Now I am slow and placid, fond of sun, Like a sleek beast, or a worn one: No slim and languid girl – not glad With the windy trip I once had, But velvet-footed, musing of my own, Torpid, mellow, stupid as a stone. You cleft me with your beauty's pulse, and now Your pulse has taken body. Care not how The old grace goes, how heavy I am grown, Big with this loneliness, how you alone Ponder our love. Touch my feet and feel How earth tingles, teeming at my heel! Earth's urge, not mine, – my little death, not hers; And the pure beauty yearns and stirs. It does not heed our ecstacies, it turns With secrets of its own, its own concerns, Toward a windy world of its own, toward stark And solitary places. In the dark Defiant even now; it tugs and moans To be untangled from these mother's bones.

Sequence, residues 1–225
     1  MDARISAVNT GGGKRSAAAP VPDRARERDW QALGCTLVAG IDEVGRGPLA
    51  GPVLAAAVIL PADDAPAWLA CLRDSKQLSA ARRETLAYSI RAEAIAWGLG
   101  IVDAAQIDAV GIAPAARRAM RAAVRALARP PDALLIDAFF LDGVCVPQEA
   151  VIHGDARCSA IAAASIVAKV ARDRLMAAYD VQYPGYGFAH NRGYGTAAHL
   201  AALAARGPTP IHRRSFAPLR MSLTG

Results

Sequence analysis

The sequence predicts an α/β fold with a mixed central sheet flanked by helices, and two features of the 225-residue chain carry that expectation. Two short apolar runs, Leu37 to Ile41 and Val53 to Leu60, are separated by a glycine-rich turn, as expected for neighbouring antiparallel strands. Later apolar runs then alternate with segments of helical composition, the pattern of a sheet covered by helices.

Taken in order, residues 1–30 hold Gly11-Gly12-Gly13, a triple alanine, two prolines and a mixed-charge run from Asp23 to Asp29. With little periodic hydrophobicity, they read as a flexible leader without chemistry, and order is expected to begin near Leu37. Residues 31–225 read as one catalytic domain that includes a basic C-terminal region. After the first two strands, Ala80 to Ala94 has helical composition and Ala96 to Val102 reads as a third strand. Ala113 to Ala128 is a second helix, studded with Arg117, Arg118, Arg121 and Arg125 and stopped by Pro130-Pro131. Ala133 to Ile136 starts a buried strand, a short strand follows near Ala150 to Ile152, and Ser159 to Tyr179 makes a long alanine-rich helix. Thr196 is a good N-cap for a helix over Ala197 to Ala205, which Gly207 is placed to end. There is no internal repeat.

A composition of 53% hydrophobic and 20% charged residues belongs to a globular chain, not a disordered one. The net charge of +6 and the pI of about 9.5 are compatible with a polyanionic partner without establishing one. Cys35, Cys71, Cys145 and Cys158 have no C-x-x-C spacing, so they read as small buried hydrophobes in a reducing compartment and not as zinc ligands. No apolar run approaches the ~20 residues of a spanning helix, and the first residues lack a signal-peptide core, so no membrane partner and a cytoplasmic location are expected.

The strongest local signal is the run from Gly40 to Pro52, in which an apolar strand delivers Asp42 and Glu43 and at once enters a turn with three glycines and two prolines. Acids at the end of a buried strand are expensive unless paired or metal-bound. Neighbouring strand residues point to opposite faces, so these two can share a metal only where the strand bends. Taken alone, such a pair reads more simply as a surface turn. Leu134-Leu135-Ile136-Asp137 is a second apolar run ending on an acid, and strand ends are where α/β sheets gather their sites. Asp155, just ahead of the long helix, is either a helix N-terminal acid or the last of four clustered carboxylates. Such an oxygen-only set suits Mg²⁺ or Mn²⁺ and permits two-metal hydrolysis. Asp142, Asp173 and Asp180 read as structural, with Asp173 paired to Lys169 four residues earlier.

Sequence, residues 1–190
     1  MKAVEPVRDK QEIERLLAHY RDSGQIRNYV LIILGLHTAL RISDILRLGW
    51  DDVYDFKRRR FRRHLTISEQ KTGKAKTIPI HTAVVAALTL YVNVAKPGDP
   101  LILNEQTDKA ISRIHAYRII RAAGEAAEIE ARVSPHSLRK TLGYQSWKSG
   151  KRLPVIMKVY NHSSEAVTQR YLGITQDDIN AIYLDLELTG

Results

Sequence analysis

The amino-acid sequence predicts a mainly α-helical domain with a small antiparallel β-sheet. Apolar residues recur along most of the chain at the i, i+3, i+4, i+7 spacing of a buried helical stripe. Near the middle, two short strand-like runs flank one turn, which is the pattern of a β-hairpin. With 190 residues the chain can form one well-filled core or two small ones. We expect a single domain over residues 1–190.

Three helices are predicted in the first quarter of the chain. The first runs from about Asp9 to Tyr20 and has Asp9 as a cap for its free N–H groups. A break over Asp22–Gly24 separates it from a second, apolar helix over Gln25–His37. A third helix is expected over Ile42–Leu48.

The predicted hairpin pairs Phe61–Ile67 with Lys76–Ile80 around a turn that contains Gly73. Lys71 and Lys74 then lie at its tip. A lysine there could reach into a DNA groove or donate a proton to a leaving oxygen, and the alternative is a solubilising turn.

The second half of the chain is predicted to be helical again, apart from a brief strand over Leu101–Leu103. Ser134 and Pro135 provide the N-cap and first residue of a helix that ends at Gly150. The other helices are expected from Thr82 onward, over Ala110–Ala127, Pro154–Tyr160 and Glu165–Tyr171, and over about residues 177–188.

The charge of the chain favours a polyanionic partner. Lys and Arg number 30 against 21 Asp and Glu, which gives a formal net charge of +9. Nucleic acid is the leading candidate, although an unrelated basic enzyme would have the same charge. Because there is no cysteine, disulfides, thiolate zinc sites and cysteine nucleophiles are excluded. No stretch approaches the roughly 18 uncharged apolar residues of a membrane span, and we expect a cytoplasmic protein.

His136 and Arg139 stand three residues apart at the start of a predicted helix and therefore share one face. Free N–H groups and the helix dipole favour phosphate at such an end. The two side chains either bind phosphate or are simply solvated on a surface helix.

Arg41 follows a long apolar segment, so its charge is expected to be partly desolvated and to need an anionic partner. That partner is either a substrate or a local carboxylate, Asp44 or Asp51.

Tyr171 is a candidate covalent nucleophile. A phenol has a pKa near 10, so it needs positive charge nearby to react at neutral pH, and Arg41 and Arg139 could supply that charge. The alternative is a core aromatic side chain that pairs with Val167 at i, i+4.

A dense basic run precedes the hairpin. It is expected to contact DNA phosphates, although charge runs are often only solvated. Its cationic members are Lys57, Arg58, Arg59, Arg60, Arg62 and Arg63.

This poem is in the public domain.
Genevieve Taggard was born in Waitsburg, Washington, in 1894. She is best known as a biographer of Emily Dickinson, authoring The Life and Mind of Emily Dickinson (Alfred A. Knopf, 1930). She also wrote several poetry collections, including For Eager Lovers (Thomas Seltzer, 1922) and Not Mine to Finish: Poems 1928–1934 (Harper & Brothers, 1934). She died in New York City in 1948.
Date Published: 1921-01-01
Source URL: https://poets.org/poem/child